Emotions can be painful in holiday season
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By Steven Campbell  November 15, 2013 12:00 am

When I was a little boy, our holidays were right out of Norman Rockwell.  

The day after Halloween marked the beginning. With my mom, dad, five brothers and sisters, assorted aunts and uncles and cousins who showed up at our door in November and December (and sometimes into January), the days were filled with planning and preparing and shopping, including an on-going menu of breakfast rolls, turkey, sweet potatoes, home-made dressing and candies, and pastries that made the angels sing. 

And the hors d’oeuvres!  Don’t even get me started with the hors d’oeuvres!

When Thanksgiving finally arrived, our house was filled with the chatter, laughter, yelling and pronouncing…all addled in fun and celebrations. And then the day after Thanksgiving, the real holidays began, and the rush was on.

Sixty years later, November through December has also become, at times, very hard. Especially if you have experienced a loss, a divorce, a bankruptcy, or the hard times many of us have experienced since the beginning of the Great Recession five years ago. And this is especially true when you have lost someone you love. 

The holidays are supposed to be a family time…a time when you should feel close to everyone. But let’s face it, at times you simply don’t…and you don’t even want to.

In fact, for some of us, Christmas or Hanukkah may be the hardest time of the year, especially when you are too embarrassed to say, “Excuse me, but I have nowhere to go for the holidays. Can I come to your house?”

So I have jotted down some thoughts about planning for what you can do and do not want to do to get through the next couple of months.

• FIRST AND FORMOST, YOU ARE NOT ALONE: If you are struggling, you are not alone, and as much as you’d like to skip from November to Jan. 2, that is impossible. 

Realize that the anticipation of the pain at the holidays is always worse than the actual day.

• IT WILL NOT ALWAYS BE HARD: Recognize that what you decide for this year can be changed next year. Decide what is right for you and your family now. Don’t worry about all the other holidays to come in years ahead. You will be at different places in your life then.

 

• STRESS IS NORMAL: Also recognize that your distress about the holidays is normal. It doesn’t make you a bad person. Countless other people have felt, and do feel, as you do right now.

• DECIDE WHAT IS IMPORTANT TO YOU: Ask yourself and your loved ones to decide what is important for you to make your holidays meaningful and bearable. Then, through compromise and negotiation, see if everyone can get a little of what he or she wants and needs. 

Give-and-take is important here.

• THE HOLIDAYS MAY BE FILLED WITH UNREALISTIC EXPECTATIONS: Recognize that the holidays are filled with unrealistic expectations for intimacy, closeness, relaxation and joy for all people. Try not to buy into this for yourself – you already may have enough to contend with.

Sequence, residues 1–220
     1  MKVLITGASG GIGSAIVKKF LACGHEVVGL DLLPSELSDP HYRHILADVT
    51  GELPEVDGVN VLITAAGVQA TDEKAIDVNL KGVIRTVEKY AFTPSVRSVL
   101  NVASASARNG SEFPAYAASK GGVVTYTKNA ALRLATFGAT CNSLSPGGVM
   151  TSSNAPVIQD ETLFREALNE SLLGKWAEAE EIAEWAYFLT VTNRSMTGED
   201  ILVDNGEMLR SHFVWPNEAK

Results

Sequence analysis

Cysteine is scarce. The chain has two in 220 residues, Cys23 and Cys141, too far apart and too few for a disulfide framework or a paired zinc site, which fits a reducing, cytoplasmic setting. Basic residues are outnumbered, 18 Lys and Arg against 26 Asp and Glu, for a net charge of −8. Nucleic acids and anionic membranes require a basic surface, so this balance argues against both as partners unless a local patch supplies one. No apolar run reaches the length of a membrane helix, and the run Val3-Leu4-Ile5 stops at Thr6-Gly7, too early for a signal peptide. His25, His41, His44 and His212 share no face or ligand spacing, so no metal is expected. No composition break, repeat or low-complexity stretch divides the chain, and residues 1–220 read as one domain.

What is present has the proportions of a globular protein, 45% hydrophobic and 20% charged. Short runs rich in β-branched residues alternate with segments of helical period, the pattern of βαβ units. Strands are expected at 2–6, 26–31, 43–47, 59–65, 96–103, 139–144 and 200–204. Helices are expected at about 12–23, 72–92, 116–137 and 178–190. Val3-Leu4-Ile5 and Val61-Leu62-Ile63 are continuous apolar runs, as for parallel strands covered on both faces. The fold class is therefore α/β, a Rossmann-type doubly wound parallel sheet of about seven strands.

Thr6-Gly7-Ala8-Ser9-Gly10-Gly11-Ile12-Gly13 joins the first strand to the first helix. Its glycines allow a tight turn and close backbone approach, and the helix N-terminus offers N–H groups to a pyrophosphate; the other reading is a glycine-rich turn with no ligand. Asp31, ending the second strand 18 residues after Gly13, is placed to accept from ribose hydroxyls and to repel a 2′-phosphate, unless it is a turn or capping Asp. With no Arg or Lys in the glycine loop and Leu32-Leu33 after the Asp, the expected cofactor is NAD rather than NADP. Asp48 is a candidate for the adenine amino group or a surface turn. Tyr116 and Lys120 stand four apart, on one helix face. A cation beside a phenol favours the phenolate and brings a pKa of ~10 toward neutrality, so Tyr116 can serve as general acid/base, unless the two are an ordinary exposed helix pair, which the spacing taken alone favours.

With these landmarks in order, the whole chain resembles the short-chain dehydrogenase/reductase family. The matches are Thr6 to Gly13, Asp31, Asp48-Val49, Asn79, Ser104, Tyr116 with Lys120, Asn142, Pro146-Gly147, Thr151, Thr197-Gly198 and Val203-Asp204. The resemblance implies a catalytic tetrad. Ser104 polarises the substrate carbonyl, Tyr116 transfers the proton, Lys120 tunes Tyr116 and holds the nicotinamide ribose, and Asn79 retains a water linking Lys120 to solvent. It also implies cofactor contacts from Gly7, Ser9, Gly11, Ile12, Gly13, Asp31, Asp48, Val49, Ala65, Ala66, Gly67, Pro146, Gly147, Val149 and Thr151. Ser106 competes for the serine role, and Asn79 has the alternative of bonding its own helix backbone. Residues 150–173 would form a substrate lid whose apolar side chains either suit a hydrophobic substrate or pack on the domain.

• TAKE TIME OUT TO CARE FOR YOURSELF: Be aware of the pressures, demands, depression, increased alcohol intake and fatigue that comes with the holidays. You may feel these more than others. 

Take time out to take care of yourself during this time. You may need it even more.

• PLAN AHEAD FOR YOUR SHOPPING TASKS: Make a list ahead of time. Then, if you have a good day, capitalize on it and do the shopping you can. 

Try to consolidate the stores you want to visit. If you have trouble with shopping right now, do your shopping by catalog or mail order, or ask friends to help you out.

• RE-EVALUATE FAMILY TRADITIONS: Ask yourself and your surviving loved ones whether you need to carry on with them this year or whether you should begin to develop some new ones. 

Perhaps you can alter your traditions slightly so that you can still have them to a certain extent but don’t have to highlight a loved one’s absence more than it already is. 

For example, you may want to have Thanksgiving dinner at your children’s house instead of yours. Or you might open presents on Christmas Eve instead of Christmas morning.

• CRYING IS OKAY: Tears and sadness do not have to ruin the entire holiday for you or for others. Have the cry you need and you will be surprised that you can go on again until the next time you need to release the tears. 

Let your tears and sadness come and go throughout the whole day if necessary. The tears and emotions you do not express will be the ones that are destructive to you.

• ASK FOR WHAT YOU NEED: Ask for what you want or need from others during the holidays. 

Our feelings are reflecting what is really going on inside of us.  And if you are feeling it, there is a good chance that a lot of others in your family are feeling the same things.

 

Remember this…we are not thinking people who feel, we are feeling people who think.

 

Steven Campbell is the author of "Making Your Mind Magnificent" and conducts "The Winners Circle" every two months at Sonoma Mountain Village in RP. He can be contacted at 480-5007 or steve@anintelligentheart.com. For more information, go to  www.anintelligentheart.com.

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